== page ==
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Saturday, September 24, 2005

Navy helping out with Katrina victims

Sent: Monday, September 19, 2005 11:47 PM
Hi everybody,
Here is a great story of just some of what all the Navy is doing to help out with Katrina victims. You won't see any of this on the Communist News Network (CNN) or liberal AP outlets though. Please share with anybody who seems to think the military isn't doing more than anybody else. There is a reason that President Bush said that the Military is doing more (and more capable of doing) things to help out the victims. enjoy. Fair winds and Following Seas to all.
September 19, 2005Navy gives battered Biloxi food, medical careBy William H. McMichaelTimes staff writer
BILOXI, Miss. — It’s 5 p.m., and a long line of hungry local residents seems to perk up at the scent of fresh tomato sauce and garlic bread wafting from the school cafeteria’s serving line.
“Where are those good greens?” one woman asks one of the sailors serving the food. “Right over here, ma’am,” the sailor replies, motioning to the salad bar on his right.
The first post-Hurricane Katrina food served at the impromptu shelter here at the spanking new Biloxi High School, located on the city’s north side, was a hot dog on a slice of white bread that was prepared by local residents. Then, the Red Cross tried to fill the food needs for a couple of days.
“And now, the Navy has just saved our butt,” said Bill Vandreuil of Greenwood, S.C., a retired lieutenant commander and Red Cross volunteer.
On Sept. 9, four days after arriving off the Biloxi coast, some of the 50 sailors who’d come ashore from the amphibious assault ship Bataan were cooking two hot meals a day — about 550 were served Sept. 9 — for Biloxi residents, many of whom were now homeless and living in shelters after their homes were destroyed by Katrina. Navy people were taking turns and sometimes working alongside sailors from the dock landing ship Whidbey Island; the teamwork, Vandreuil said, was “really remarkable.”
Most of the sailors, who also handed out MREs for lunch, aren’t even cooks.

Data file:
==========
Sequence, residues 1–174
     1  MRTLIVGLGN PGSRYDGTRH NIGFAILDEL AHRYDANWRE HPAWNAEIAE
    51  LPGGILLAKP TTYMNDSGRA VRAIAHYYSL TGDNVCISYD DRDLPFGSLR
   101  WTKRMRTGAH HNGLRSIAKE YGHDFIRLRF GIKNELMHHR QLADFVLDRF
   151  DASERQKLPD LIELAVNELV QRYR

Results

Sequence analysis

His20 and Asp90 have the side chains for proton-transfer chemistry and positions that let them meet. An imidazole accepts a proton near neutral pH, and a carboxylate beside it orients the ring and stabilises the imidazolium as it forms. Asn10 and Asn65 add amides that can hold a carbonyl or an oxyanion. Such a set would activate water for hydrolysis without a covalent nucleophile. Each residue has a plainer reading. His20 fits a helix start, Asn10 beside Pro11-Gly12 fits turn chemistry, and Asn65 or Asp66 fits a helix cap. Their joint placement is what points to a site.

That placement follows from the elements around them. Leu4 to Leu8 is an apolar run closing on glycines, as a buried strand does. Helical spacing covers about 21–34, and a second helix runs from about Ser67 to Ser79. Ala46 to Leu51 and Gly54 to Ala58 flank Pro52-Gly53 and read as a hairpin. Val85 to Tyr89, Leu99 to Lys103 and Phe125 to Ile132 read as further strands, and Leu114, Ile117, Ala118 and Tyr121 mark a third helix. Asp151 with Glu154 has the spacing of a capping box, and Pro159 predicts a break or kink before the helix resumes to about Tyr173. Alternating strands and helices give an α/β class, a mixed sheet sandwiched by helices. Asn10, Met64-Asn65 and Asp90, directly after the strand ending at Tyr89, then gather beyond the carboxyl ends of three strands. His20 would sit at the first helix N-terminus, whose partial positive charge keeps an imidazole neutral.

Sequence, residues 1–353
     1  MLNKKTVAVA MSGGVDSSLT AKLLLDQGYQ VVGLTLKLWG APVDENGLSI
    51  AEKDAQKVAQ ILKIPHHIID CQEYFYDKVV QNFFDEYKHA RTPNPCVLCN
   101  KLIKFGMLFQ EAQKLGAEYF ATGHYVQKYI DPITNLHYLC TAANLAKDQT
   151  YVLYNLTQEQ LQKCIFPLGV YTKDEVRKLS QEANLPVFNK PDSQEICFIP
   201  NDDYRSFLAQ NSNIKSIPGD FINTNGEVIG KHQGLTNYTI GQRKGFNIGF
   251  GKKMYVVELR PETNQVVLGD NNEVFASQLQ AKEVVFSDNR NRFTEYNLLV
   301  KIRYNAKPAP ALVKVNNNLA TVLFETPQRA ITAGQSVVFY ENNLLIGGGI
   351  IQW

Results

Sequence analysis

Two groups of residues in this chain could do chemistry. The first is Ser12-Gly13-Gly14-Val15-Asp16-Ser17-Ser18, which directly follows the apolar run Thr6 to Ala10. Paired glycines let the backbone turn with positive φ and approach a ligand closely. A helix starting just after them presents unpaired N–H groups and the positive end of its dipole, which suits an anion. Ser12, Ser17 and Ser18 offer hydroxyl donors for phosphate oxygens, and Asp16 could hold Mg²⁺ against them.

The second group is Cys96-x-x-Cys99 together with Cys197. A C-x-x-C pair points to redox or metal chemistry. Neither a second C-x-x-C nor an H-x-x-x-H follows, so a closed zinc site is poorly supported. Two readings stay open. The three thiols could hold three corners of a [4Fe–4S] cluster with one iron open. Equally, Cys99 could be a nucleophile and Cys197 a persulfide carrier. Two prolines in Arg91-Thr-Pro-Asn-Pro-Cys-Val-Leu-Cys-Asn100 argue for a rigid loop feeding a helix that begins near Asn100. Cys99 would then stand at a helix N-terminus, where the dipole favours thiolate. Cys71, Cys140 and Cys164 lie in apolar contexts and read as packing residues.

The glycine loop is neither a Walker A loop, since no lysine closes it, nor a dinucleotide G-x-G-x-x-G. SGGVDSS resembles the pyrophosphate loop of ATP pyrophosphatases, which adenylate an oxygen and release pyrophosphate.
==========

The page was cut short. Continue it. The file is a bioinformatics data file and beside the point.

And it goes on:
“It feels good,” said Aviation Boatswain’s Mate (Fuels) 2nd Class (AW) Nytricia Francis. “I went through a hurricane [Andrew] myself. To actually do it, to help,” she said, smiling broadly, “it’s a good experience.”
“As long as I see kids smilin’, I’m happy,” said Culinary Specialist 2nd Class (SW) Terrance L. Mounger.
About 120 sailors from the Whidbey Island had also joined the effort and, along with sailors from the Bataan and the Dutch frigate HNLMS Van Arnstel, were helping Federal Emergency Management Agency and Red Cross officials all over the city.
“They were incredible!” said Smoky Gibson, youth pastor for the First Baptist Church of Biloxi, the site of a huge relief center that combined church and civil efforts down the road from the high school. “Just tireless. I don’t think we asked them to do one thing. We had guys loading stuff, getting people where they needed to be. Some were out there directing traffic.”
Some of that “stuff,” as well as support equipment for Marines assisting federal officials, came ashore on air-cushioned and standard landing craft that landed on the Biloxi beach near the city’s wrecked casino district. That was the only suitable spot they could find. “Everything else was fouled,” said Capt. Nora Tyson, the Bataan’s commanding officer.
Medical care started
Under an overhang near the high school serving line, Navy medical teams provided free inoculations. Inside one of the classrooms, limited emergency care was available.
“I feel privileged to actually come down and do this,” said Hospitalman Seaman Kyle Tucker, out of Jacksonville Naval Air Station, after giving a tetanus shot to local resident Michael Poole. The medics had administered 389 shots over the previous two days.
The Bataan had just finished a training exercise near the Panama Canal and was moored in Ingleside, Texas, when the word came down to get underway for the relief effort. All the ships and crews involved came on short notice, a fact that Tyson said underlines the success of the Navy’s post-Sept. 11 ability to maintain a higher state of readiness.
“They know there’s a reason for what we do, whether it’s the global war on terrorism or humanitarian relief,” Tyson said. “If you’re not flexible and you’re not ready, you’re in the wrong business.”
v/r, and r/
Robert Rogers


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